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Don't Feed the Artist

What would it be like to go to work every day in a Macy's display window? J. Kiku Langford '06, a studio art major, is finding out as she spends the month of January painting in a makeshift studio set up in the Barrows Rotunda-a 360-degree exhibition space that greets visitors to the Hopkins Center. Although this is not Langford's first foray into painting under the public gaze, it will be her most sustained and visible effort to date.


Kiku Langford '06 takes her work public

The Barrows Rotunda in the Hopkins Center usually houses art installations by Dartmouth students and faculty, but throughout January, the artist will become part of the art. Langford has equipped the small glassed-in room with an easel, her art supplies, a computer, and a bench for visitors. When she's not in class or enjoying her last few terms at Dartmouth, she plans to be at work and on view in the Rotunda.

"I was interested in the dichotomy between public and private," says Langford. "Traditionally, art is created in private, but experienced in public. I wanted to make people more aware of the process of making art and to investigate what happens when the public interacts in the process."

Interested observers can look in on her as she covers her canvases in paint and collage, and a Post-it(r) dispenser lets viewers leave notes for her, which she answers.

Langford admitted to feeling self-conscious at first, although much of her anxiety faded after several less permanent stints of public painting at various locations around campus. "At first I thought, 'everyone is going to think I'm a freak,' but I've gotten used to answering questions and the positive responses have been really validating," she says.  For the most part, she enjoys the interactions that her installation generates. "I've been pretty secluded in the fine arts, working in my studio, but while working in the rotunda, a sports team came by a few times and they were all very interested in my work."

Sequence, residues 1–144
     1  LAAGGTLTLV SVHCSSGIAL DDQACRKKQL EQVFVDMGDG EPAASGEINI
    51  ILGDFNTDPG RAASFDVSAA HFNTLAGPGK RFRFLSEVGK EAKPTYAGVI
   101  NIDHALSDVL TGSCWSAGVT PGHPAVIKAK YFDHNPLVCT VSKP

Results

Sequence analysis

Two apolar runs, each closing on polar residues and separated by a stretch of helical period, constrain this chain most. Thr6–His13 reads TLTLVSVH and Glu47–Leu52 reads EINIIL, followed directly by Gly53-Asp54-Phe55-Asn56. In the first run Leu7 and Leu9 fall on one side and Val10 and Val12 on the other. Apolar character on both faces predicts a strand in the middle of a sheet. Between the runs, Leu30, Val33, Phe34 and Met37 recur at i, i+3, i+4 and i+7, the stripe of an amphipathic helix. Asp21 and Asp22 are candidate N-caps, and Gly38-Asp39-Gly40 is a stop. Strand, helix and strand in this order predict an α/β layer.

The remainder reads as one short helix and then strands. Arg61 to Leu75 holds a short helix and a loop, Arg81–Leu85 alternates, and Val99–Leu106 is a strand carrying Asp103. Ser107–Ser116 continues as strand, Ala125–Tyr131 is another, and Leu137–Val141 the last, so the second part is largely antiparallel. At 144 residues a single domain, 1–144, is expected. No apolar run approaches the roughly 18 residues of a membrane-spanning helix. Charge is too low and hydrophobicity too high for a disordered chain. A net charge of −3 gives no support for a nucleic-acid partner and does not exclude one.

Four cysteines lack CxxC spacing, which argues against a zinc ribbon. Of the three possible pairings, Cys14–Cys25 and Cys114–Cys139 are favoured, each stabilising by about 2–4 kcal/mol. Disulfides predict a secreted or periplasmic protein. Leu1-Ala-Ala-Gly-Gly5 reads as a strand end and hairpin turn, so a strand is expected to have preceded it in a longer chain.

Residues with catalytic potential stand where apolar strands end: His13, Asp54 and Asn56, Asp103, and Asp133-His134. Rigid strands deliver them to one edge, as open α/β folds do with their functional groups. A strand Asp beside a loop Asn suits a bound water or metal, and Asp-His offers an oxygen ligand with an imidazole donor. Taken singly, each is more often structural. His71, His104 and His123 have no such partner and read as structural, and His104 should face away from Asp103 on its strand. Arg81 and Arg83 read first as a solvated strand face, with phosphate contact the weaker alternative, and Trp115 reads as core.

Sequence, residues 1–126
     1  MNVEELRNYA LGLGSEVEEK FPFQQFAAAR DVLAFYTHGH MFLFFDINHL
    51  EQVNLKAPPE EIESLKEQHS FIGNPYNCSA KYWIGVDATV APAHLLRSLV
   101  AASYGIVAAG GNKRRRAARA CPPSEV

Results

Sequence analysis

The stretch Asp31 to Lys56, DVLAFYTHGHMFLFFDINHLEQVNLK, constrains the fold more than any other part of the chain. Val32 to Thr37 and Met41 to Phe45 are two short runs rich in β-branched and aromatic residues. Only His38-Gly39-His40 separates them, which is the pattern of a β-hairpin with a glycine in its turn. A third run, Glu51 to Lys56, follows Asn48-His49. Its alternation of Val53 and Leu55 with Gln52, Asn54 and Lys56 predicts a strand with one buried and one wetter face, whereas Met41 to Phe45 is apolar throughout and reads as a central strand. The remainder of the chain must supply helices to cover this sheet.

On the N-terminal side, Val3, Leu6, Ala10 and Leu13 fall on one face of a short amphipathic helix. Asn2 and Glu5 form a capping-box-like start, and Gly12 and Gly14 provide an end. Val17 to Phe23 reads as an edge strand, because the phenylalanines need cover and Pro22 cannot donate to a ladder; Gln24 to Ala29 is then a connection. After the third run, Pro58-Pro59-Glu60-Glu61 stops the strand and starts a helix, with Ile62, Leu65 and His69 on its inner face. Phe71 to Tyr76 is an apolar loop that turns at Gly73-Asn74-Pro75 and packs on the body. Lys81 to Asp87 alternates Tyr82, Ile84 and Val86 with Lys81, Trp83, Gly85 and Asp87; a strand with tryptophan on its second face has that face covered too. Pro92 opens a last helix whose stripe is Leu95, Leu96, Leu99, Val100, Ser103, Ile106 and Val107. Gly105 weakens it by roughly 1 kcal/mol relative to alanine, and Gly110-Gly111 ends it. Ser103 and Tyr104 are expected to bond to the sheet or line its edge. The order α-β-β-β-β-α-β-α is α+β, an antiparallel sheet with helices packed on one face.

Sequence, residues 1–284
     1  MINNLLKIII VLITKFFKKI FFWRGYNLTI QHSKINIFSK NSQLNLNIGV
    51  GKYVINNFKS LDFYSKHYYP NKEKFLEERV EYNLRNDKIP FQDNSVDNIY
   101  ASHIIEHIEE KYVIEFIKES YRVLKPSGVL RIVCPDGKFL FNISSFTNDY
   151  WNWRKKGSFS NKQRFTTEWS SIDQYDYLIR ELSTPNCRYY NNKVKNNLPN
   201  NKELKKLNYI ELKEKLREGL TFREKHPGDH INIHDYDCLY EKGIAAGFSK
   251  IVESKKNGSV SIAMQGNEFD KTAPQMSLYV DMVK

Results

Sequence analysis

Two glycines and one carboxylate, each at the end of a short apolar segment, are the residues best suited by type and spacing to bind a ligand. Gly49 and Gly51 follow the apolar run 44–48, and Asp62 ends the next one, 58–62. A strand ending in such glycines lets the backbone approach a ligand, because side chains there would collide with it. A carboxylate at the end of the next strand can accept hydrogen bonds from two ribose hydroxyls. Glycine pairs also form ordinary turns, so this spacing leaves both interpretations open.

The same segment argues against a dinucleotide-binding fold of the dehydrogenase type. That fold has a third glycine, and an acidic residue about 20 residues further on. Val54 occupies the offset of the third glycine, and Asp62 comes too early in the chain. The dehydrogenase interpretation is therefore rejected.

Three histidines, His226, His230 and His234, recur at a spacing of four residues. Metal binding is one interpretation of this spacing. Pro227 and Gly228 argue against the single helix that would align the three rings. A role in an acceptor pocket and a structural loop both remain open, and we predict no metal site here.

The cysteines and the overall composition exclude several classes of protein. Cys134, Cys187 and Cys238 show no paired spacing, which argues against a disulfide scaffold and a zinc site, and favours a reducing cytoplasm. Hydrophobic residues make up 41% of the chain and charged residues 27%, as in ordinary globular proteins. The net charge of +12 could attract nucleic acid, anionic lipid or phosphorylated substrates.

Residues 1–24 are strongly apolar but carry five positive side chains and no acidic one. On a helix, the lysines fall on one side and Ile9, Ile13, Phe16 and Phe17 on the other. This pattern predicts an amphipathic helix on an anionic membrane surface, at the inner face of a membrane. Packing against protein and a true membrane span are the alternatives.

The constant exposure also had a surprising effect on her productivity. Langford found that being under glass made her more conscientious and less likely to become distracted from her work.

Enrico Riley, studio art senior lecturer, is Langford's advisor. He describes her project as an attempt "to address the difference between public art creation versus private art creation.  Her goal is to break down the barriers between the making of art and the viewing of art. It is a great chance for Kiku to explore ideas that she has been interested in for some time."  

Langford's previous work includes her recent book, Public Painting: An Autobiographical Journey, which documents a 20-day project in which she painted a work a day in a different location on campus, then opened an exhibition of these works in the AREA student gallery in the Hopkins Center. Her paintings, rubbings, and drawings are also on view in Collis Café.

The public art installation is part of Langford's senior honors thesis and she plans to explore further the role of the public in the creation of art. "The Hopkins Center art studios were originally designed with large windows so that people could see right into the classrooms," she says.

By GENEVIEVE HAAS

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Last Updated: 12/17/08